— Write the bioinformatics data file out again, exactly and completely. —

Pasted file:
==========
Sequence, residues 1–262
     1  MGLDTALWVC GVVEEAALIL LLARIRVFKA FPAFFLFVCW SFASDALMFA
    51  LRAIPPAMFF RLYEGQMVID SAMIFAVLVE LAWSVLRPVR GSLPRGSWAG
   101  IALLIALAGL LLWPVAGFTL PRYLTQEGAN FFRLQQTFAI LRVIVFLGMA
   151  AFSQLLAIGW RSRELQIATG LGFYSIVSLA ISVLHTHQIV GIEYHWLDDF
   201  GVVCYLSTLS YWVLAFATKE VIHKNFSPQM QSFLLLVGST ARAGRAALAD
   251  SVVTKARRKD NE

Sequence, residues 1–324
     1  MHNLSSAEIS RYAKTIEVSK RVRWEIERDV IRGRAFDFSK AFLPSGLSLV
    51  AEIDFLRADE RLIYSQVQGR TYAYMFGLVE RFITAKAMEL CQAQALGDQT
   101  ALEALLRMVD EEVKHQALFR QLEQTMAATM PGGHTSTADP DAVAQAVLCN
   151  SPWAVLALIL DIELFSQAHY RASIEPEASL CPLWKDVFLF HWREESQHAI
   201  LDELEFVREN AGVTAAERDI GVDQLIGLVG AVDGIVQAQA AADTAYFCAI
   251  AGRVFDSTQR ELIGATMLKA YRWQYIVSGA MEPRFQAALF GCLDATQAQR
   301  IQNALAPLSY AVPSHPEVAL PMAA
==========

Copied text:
Sequence, residues 1–262
     1  MGLDTALWVC GVVEEAALIL LLARIRVFKA FPAFFLFVCW SFASDALMFA
    51  LRAIPPAMFF RLYEGQMVID SAMIFAVLVE LAWSVLRPVR GSLPRGSWAG
   101  IALLIALAGL LLWPVAGFTL PRYLTQEGAN FFRLQQTFAI LRVIVFLGMA
   151  AFSQLLAIGW RSRELQIATG LGFYSIVSLA ISVLHTHQIV GIEYHWLDDF
   201  GVVCYLSTLS YWVLAFATKE VIHKNFSPQM QSFLLLVGST ARAGRAALAD
   251  SVVTKARRKD NE

Sequence, residues 1–324
     1  MHNLSSAEIS RYAKTIEVSK RVRWEIERDV IRGRAFDFSK AFLPSGLSLV
    51  AEIDFLRADE RLIYSQVQGR TYAYMFGLVE RFITAKAMEL CQAQALGDQT
   101  ALEALLRMVD EEVKHQALFR QLEQTMAATM PGGHTSTADP DAVAQAVLCN
   151  SPWAVLALIL DIELFSQAHY RASIEPEASL CPLWKDVFLF HWREESQHAI
   201  LDELEFVREN AGVTAAERDI GVDQLIGLVG AVDGIVQAQA AADTAYFCAI
   251  AGRVFDSTQR ELIGATMLKA YRWQYIVSGA MEPRFQAALF GCLDATQAQR
   301  IQNALAPLSY AVPSHPEVAL PMAA